{20}     Beyond the strength of the policies underlying the three-prong approach to standing, and particularly the injury in fact requirement, that approach is deeply ingrained in New Mexico jurisprudence. To abandon a test that has essentially formed the basis of New Mexico’s entire body of case law on standing, a body of law that has extensive historical roots, would require a highly compelling reason for doing so. Plaintiffs simply do not supply us with such a reason. That the federal approach is grounded in Article III constraints which do not apply to our state courts is not enough to persuade us to change course. Nor do Plaintiffs adequately explain how their suggested prudential factors can be applied in any principled way by lower courts to avoid eviscerating the standing requirement.

{21}     Plaintiffs’ approach seems to exchange a rule-based system that, though perhaps subject to criticism, at least contains standards with identifiable contours and boundaries, for an impulse-based, visceral type of evaluation. Thus, if lower courts were directed to evaluate the seriousness of the potential harm, which Plaintiffs essentially define as any constitutional harm, and the public importance of the issue to determine standing, it is difficult to see how the ultimate determination would not be merely a reflection of the whim of the particular judge. Without a more concrete explanation of how Plaintiffs’ proposed factors provide meaningful and predictable guidelines for determining whether a particular plaintiff has standing to sue, we will not deviate from New Mexico’s time-honored approach which overall has served us well.

{22}     To clarify, we do not reject outright Plaintiffs’ prudential factors. As noted previously, each of those factors is already incorporated in some fashion into our current approach to standing, and are helpful points for guidance and analysis. We only reject those factors as surrogates for injury in fact. Because we do not adopt Plaintiffs’ proposed prudential factors for determining standing, and instead elect to maintain the basic legal framework set out in our prior standing case law, we now apply that framework to the current case.

Under Our Traditional Standing Jurisprudence, Plaintiffs do not Have Standing to Bring Their Claim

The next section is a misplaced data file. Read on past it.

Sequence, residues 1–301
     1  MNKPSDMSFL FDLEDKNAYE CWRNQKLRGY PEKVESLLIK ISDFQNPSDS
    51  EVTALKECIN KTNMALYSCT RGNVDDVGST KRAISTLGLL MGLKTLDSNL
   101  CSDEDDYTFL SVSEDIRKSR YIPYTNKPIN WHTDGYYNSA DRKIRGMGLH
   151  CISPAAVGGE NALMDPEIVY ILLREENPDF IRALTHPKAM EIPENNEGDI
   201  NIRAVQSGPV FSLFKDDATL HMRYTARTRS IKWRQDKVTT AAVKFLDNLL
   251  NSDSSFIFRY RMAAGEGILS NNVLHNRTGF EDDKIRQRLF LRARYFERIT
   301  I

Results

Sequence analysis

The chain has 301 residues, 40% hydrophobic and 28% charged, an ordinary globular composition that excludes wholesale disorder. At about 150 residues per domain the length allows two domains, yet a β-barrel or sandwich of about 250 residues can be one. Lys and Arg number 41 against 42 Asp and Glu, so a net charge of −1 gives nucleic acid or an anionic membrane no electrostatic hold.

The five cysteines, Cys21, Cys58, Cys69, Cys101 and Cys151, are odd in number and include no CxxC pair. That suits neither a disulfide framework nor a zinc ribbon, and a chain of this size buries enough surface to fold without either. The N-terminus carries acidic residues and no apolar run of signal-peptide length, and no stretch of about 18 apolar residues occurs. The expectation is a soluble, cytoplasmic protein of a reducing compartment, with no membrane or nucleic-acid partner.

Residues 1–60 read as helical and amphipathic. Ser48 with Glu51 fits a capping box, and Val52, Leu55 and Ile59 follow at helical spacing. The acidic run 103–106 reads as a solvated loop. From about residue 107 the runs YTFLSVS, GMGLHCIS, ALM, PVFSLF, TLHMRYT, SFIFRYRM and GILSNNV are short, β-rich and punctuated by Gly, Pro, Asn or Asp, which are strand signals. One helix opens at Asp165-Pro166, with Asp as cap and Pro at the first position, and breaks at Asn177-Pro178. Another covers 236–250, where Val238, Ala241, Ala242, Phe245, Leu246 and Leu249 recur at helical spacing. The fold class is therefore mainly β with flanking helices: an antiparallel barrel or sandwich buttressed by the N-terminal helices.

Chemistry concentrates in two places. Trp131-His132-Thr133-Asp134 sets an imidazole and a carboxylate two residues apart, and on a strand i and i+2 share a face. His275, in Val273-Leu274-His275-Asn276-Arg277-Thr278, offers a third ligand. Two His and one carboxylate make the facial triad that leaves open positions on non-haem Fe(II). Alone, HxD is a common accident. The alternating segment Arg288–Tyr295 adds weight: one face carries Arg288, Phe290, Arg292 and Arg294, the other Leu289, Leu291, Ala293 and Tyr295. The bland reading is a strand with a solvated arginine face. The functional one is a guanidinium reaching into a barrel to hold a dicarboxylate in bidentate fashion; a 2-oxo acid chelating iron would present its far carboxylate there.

{23}     As we have said, under a traditional standing analysis, this case turns on the first of the three elements—injury in fact. Plaintiffs claim that “the instant Ordinance places everyone who drives within the city limits of Albuquerque, including [Simonson] and other members of ACLU-NM, in imminent harm because it punishes based on arrest, not upon a finding of guilt.” According to Plaintiffs, the injury that would confer standing in this case consists of Simonson, or another ACLU member, having to drive under the fear that he will be erroneously arrested for DWI, which will trigger a chain reaction that results in forfeiture of his vehicle. “Plaintiffs argue that, since it is not illegal to drive a vehicle or to drink before driving a vehicle, so long as the driver’s blood alcohol concentration is within statutory limits, the Ordinance potentially subjects drivers who drink, but are not intoxicated under our laws, to the threat of forfeiture of the vehicle that they are driving.” ACLU II, 2007-NMCA-092, ¶ 9.

{24}     We agree with the Court of Appeals that this asserted injury is simply too speculative with respect to Simonson or any individual driver who is an ACLU member to meet the injury in fact standard. As noted by the Court of Appeals, Simonson’s vehicle could only be forfeited in the manner alleged if the following contingencies were to take place: “(1) he drinks an amount of alcohol that does not raise his blood alcohol concentration above statutory limits, (2) he is stopped by police and arrested for driving while intoxicated, (3) he has his vehicle seized, (4) he requests a hearing as provided by Section 7-6-5 of the Ordinance, (5) the hearing officer finds that police did have probable cause to seize the vehicle, and (6) the City is successful in obtaining an order of forfeiture from the district court.” Id. Plaintiffs cannot even demonstrate that the triggering event for application of the Ordinance—an arrest for driving while intoxicated—is imminent or likely with respect to Simonson or any individual ACLU member.

{25}     While we acknowledge that perhaps the other contingencies need not necessarily take place for a driver to attain standing to challenge the Ordinance on constitutional grounds, at the very least a plaintiff must be able to demonstrate a high probability of arrest for his own actions. It may be true that demonstrating such a high probability of arrest of an individual driver is impossible without clairvoyant capacities, but we do not see how that fact would militate in favor of not requiring an injury in fact. Rather, we think that the impossibility of discerning any individual to whom this Ordinance might be applied prior to the City actually enforcing the Ordinance is precisely why this Ordinance is not suited to a pre-enforcement challenge.

{26}     Analogizing this case to ACLU I, Plaintiffs argue that they did not need to wait until the Ordinance was enforced and they were actually injured to challenge the constitutionality of the Ordinance. In ACLU I, a group of teenagers, their parents, and a business owner, along with the ACLU, brought suit against the City of Albuquerque challenging the constitutionality of the City’s juvenile curfew ordinance along with the program implemented to enforce that ordinance. 1999-NMSC-044, ¶¶ 1, 6. The City argued that the teenagers lacked standing to challenge the ordinance and the enforcement scheme because none of them had been arrested or charged during the program. Id. ¶ 8. In holding that the teens did not need to await arrest and prosecution before they could seek relief, this Court quoted from the United States Supreme Court opinion in Babbitt v. United Farm Workers National Union, 442 U.S. 289, 298 (1979), which held as follows: